– Taking time to rest and breathe.  As we shift from ‘yang’ active summer with many activities, we are now entering ‘yin’. The days are shorter, calling for a time to settle in for more rest and sleep to be in tune with the season.  Deep breathes, walks, gentle yoga or Feldenkrais movement can all help to increase vitality

– Add in some bone broths or vegetables broths as part of your everyday.  Simple but, important remedy, bone broths are a Chinese Medicine staple and in many cultures worldwide. Not only can it help prevent or ease colds and flus, but it is a nutritious broth with minerals, collagen and amino acids that can strengthen whole body system.  A traditional recipe adds in ginger, garlic, white part of green onion in the broth.

– Acupuncture has been shown in studies to prevent and relieve colds and flu.   Acupuncture treatments help boost the immune system by balancing, or unblocking stuck Qi, thereby enhancing immune hormones. Acupuncture can prevent cold and flu, or reduce symptoms such as chills, fever, sore throat, congestion if you already have it.

– May we embrace the autumn breeze while staying healthy. Now is the best time take care of yourself for the season ahead.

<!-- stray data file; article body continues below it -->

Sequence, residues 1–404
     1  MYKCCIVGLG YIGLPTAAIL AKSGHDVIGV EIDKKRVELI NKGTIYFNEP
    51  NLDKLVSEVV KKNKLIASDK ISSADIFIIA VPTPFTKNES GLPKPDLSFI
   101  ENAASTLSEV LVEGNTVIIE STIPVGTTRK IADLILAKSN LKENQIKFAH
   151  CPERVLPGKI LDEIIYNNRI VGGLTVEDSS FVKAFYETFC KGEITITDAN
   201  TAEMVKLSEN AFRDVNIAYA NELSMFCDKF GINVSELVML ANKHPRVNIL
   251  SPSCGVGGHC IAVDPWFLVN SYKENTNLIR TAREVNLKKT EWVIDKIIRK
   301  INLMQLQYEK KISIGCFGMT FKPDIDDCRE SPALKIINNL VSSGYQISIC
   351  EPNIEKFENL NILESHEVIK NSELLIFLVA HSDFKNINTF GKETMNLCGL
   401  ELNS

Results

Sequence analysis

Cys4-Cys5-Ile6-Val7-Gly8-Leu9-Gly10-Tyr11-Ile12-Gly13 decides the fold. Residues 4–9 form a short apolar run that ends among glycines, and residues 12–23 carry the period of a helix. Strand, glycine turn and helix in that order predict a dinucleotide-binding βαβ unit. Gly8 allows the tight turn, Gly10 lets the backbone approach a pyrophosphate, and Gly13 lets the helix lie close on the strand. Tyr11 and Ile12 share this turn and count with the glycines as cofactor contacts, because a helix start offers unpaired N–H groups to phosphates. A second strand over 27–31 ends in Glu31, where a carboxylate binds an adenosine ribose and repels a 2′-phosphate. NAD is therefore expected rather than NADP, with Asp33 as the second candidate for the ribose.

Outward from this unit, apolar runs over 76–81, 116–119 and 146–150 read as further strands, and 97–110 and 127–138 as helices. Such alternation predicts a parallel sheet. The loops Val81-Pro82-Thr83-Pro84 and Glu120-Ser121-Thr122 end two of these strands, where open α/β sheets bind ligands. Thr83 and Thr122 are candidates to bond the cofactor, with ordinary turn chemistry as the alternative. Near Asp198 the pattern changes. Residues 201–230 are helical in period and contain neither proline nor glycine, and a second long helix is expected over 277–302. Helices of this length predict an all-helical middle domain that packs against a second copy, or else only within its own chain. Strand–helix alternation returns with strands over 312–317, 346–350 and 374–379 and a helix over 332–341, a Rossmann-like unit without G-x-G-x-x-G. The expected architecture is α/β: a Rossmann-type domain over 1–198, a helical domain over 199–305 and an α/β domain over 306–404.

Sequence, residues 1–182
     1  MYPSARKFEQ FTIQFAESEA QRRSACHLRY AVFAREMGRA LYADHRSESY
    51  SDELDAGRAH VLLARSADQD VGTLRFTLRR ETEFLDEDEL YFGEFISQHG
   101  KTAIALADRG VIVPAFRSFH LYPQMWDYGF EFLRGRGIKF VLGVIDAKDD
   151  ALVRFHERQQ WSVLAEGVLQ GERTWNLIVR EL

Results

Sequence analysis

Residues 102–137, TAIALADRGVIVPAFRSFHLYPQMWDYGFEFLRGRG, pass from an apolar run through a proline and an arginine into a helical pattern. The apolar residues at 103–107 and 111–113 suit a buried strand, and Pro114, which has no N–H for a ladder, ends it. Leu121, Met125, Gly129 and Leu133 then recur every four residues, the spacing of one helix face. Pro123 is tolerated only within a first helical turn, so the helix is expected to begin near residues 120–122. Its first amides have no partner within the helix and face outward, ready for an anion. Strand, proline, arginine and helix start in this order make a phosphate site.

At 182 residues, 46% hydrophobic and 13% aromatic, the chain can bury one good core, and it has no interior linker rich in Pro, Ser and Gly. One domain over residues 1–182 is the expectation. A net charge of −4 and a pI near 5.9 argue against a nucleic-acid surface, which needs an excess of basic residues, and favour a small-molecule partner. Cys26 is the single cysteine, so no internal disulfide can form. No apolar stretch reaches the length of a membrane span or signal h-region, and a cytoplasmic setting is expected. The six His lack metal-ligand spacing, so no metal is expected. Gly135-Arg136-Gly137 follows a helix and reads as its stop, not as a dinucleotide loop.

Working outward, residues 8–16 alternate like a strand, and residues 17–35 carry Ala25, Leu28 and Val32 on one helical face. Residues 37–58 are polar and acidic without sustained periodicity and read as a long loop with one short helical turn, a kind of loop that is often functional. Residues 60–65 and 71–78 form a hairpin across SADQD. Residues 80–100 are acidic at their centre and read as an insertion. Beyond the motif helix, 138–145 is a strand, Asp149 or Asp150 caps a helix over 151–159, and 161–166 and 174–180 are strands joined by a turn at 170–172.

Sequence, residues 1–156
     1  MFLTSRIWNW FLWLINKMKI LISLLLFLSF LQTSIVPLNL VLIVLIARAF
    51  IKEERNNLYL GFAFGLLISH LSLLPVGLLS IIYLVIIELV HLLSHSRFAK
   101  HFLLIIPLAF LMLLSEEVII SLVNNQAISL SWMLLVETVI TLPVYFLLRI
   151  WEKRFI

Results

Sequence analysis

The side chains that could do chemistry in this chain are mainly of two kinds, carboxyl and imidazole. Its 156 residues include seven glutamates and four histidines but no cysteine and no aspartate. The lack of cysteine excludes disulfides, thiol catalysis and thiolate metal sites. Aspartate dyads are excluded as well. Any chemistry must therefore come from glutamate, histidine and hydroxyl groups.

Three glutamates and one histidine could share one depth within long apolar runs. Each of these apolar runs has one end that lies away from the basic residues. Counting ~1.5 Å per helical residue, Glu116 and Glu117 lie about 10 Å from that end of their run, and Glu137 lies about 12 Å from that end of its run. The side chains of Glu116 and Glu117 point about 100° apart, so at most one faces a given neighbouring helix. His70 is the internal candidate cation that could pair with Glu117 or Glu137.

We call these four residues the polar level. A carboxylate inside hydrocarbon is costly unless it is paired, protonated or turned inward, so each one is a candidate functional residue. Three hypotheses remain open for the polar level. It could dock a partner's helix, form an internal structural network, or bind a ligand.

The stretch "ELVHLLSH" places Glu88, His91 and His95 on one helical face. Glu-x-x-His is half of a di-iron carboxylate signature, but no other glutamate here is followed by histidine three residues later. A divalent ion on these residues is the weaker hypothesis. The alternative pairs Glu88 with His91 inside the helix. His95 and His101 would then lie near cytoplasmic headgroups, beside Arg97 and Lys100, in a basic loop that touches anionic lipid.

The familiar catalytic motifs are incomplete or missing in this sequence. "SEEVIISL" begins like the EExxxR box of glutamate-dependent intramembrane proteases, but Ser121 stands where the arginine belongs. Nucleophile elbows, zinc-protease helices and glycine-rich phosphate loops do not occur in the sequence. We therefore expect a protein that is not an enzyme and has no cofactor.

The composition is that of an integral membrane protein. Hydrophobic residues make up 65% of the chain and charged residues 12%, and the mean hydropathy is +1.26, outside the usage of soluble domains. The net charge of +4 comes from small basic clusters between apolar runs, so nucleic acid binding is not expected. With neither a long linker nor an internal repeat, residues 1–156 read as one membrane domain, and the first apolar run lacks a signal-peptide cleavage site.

Bone broth is highly nutritious, rich in nutrients, helps fight osteoarthritis, reduce’s inflammation and heals the gut naturally! 

Ela’s Bone Broth Recipe

INGREDIENTS IN HOMEMADE BONE BROTH

2 lbs bones from a healthy source

1 gal of water

2 TBSP apple cider vinegar

1 onion

2 carrots

2 stalks of celery

1 bunch of parsley (optional)

1 TBSP salt (optional)

1 tsp peppercorns (optional)

Herbs and spices to taste (optional)

2 cloves of garlic (optional)

 

Book with Ela Today and recieve 20$ off your first appointment! 

Winter Colds Got You Blues? Acupuncture can Help!

A big thank you to exceptional Acupuncturist Jane Hsu for this insight into how colds and flu season can be rescued by skillful Acupuncture treatments, common sense and good advice. 

Are you currently suffering from a cold or winter blues?

The human body changes just as the seasons change but if your immune system is compromised or you are under unusual amounts of stress the transition can be less than smooth. Meaning we need to to be prepared with more than just our mitts, hats, scarves and woollies!